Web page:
I do consider the lighting conditions when it comes to packing film and filters, and whether I bring a table top little tripod,or one of the heavier units.
     
  4. dasBlute

    dasBlute Subscriber

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    often, the inner dialog is a hinderance to creative work. It is easy to wear yourself out: I should be... I could be... it can be hard to clear the clutter out between you and the work.

    I have two cameras: a big one and a little one, I pick one and walk. There is no wrong one. Depending on your mindset, constraints can be challenging, motivating, freeing. Sure I miss shots - all the time - but invariably it's *not* because of the camera.
     
  5. Thomas Bertilsson

    Thomas Bertilsson Subscriber

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    I used to have this type of angst.

    For 2011 and 2012 through July I am committed to the use of one single camera, a 35mm. I put either a 35mm or a 50mm lens on it, and take it to go. The tripod is in the trunk of my car, and I carry cable release and light meter with me at all times.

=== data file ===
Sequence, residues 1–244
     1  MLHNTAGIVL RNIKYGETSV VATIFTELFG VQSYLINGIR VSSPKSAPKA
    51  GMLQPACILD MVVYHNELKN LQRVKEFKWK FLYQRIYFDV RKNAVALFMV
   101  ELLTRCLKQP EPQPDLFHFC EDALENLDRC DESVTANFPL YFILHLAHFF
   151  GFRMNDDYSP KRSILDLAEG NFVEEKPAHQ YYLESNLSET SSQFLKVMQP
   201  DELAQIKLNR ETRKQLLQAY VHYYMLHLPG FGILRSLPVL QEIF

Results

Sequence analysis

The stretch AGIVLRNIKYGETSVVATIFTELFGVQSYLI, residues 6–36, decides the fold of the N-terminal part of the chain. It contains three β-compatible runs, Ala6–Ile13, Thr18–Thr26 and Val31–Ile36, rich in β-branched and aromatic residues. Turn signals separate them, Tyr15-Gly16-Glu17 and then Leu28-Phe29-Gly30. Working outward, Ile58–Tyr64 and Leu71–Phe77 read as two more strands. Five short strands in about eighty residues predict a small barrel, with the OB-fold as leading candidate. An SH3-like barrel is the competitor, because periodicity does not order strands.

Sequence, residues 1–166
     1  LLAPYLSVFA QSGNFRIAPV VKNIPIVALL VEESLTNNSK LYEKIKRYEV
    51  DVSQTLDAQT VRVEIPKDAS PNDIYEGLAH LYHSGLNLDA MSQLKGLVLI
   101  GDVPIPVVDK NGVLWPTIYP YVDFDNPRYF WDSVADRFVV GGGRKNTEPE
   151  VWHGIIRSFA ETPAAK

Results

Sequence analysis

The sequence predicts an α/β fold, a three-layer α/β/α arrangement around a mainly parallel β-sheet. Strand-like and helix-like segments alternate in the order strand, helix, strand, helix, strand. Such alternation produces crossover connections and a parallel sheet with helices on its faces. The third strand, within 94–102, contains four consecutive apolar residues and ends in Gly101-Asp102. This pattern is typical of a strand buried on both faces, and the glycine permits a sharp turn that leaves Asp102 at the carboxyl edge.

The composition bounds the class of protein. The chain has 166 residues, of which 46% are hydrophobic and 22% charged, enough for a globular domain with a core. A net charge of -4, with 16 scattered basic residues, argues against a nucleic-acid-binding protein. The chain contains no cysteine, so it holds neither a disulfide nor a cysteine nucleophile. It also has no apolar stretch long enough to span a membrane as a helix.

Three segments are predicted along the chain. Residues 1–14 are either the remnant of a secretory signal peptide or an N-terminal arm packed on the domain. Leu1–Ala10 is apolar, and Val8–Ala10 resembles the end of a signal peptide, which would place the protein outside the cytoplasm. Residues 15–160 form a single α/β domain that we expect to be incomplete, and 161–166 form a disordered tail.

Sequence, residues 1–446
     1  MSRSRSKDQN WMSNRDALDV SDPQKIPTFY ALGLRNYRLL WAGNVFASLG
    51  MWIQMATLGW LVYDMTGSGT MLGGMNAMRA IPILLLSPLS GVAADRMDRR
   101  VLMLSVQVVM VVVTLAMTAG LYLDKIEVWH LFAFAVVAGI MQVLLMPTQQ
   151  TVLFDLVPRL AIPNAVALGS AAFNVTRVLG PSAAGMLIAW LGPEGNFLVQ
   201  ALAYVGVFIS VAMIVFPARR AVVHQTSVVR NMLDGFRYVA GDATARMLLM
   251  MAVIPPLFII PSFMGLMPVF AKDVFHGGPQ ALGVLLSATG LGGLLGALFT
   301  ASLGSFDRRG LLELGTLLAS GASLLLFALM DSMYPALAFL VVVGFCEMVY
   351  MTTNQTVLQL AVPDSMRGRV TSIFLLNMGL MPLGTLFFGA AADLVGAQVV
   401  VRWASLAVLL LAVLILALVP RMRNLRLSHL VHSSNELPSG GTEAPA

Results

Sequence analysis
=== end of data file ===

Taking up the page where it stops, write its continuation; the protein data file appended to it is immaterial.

It forces me to stop thinking about the camera, and only the pictures. And it's a profound revelation.
     
  6. Grif

    Grif Member

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    Yea Team!!! somebody actually doing the one year thing What's your film?
     
  7. Thomas Bertilsson

    Thomas Bertilsson Subscriber

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    Acros (have a boat load of it, which needs to get used up) and TMY-2. (both in Xtol).
    Portra 400 for color, home processed in Rollei Digibase with a modified work flow.
     
  8. Roger Cole

    Roger Cole Member

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    The only time I have that sort of angst is on overnight trips where I don't know ahead of time exactly what I'll want. I usually end up taking all of mine - one bag of 35mm gear, one with the Yashica TLR, and the big one with the 4x5 Linhof, plus the tripod, and sometimes (the most likely to be left behind since I also have my iPhone) the small case with the old Nikon digisnapper. It generally amuses my fiance, who already finds it funny that she packs far lighter in the way of clothes and so on than I do. Well she's traveled a lot more and has a better idea of what she'll need. That's my excuse anyway, and I'm sticking to it.